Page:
Population increase is apparent even in the Paleolithic (foraging) era, though in this era it mainly took the form of a slow but accelerating capacity to migrate into new environments. Humans probably evolved in the savanna lands of southern and eastern Africa, and for all but the last ten thousand years, we have lived as foragers. But the variety of foraging techniques used by humans clearly increased over time. Archaeological evidence suggests that even 100,000 years ago, humans were exploring new environments—in arid regions, for example, or near seashores or in tropical forests (McBrearty and Brooks 2000, 493–494, 530). Then, from about 100,000 years ago, humans began to migrate out of Africa. They appeared in the very different environments of Australia (from perhaps fifty thousand years ago), ice age Siberia (perhaps thirty thousand years ago), and finally the Americas (from at least thirteen thousand years ago). Though we have no direct evidence, we can be sure that these migrations meant an increase in the total number of humans. This remains true even though each particular community remained small, so that contemporaries could hardly be aware that human numbers were increasing.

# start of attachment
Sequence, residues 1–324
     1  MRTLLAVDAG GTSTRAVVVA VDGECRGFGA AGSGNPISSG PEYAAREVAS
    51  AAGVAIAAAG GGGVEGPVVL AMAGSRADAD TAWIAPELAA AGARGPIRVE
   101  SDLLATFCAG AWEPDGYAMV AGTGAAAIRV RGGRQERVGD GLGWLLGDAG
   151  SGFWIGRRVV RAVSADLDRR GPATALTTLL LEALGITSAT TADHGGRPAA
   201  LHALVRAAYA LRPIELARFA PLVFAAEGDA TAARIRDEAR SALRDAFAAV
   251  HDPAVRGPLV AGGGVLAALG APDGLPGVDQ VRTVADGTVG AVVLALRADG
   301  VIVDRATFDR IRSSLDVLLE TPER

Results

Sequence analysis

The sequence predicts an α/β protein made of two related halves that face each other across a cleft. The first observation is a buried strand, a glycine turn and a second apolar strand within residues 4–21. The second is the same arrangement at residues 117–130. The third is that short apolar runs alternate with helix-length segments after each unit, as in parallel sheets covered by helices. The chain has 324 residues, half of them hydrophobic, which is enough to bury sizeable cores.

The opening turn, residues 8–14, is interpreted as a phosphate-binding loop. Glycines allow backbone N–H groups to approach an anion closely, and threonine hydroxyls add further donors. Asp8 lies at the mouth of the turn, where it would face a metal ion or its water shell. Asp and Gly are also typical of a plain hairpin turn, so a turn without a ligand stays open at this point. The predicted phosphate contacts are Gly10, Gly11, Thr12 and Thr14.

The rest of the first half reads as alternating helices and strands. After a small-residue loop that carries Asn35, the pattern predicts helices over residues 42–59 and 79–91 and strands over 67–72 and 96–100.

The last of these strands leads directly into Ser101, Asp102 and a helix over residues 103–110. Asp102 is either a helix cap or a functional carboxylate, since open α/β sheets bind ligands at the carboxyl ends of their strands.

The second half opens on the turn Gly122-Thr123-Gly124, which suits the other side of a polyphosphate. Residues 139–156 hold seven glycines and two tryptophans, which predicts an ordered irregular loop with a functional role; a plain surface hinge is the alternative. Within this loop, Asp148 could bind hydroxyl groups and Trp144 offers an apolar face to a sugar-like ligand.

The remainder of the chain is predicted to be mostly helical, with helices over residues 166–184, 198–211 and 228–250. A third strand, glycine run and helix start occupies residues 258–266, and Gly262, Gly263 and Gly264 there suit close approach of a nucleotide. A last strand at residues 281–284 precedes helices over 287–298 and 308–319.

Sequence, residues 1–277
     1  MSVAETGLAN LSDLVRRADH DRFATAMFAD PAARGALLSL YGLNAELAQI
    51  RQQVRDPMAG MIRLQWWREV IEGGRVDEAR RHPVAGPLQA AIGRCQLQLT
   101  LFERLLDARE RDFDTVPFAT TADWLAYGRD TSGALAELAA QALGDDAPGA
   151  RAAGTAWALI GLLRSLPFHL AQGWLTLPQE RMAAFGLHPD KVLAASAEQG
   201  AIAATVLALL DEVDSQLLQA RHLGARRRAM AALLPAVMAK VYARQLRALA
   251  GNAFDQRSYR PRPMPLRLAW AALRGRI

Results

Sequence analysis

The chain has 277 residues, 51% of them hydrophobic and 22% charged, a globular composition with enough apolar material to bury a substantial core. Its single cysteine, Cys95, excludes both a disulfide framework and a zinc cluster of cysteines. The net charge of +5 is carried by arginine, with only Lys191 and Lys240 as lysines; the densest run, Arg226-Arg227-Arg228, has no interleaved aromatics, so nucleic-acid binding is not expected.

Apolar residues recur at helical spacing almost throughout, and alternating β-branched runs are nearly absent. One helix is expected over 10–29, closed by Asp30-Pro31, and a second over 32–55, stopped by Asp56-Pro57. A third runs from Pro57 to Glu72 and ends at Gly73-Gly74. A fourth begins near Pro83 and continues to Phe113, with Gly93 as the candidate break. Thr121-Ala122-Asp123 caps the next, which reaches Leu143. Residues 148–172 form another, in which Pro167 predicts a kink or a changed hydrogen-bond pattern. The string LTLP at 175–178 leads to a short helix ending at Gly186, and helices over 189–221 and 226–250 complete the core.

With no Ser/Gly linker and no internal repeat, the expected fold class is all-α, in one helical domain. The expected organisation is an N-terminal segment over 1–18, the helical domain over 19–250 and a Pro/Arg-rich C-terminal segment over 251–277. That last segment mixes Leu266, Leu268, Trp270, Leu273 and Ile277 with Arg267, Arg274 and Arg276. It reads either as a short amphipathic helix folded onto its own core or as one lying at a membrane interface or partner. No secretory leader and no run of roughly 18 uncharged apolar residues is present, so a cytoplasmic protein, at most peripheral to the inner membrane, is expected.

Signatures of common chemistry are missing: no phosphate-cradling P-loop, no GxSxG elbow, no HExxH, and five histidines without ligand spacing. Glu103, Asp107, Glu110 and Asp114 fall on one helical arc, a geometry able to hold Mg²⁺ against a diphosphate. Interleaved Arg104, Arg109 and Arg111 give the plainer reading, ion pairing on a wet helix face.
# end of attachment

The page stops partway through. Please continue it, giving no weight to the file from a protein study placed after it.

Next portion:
From about ten thousand years ago, as the last ice age was ending, agricultural communities appeared in different parts of the world. Agriculture quickened population growth. Current estimates suggest that there may have been 5 to 10 million humans ten thousand years ago; 50 million five thousand years ago; and 250 million just one thousand years ago. Agriculture stimulated population growth in many ways. Nomadic foragers have a limited ability to increase production from a given area, so they have powerful reasons to limit the number of children too young to walk or forage on their own, and to limit the numbers trying to feed from a given area. Modern anthropological studies suggest that foragers have many ways of limiting population growth, including prolonged breast feeding and even infanticide. But agriculturalists are normally sedentary, so transporting young children is not such a problem. Furthermore agriculture makes it possible to increase the amount of food produced within a given area, so it is possible to accommodate population increase even without migrating to new lands. Perhaps even more important, for farming households in most pre-modern agricultural communities it was important to have lots of children because this increased the available labor. In a world of high death rates (commonly in pre-modern agricultural societies, up to 20 percent of infants died in their first year, and another 30 percent before their fifth birthday), the best way of maximizing the number of children surviving to adulthood was to have as many children as possible. Such behavior, and the increased resources available within agrarian societies, ensured that populations would grow much faster than in the Paleolithic era.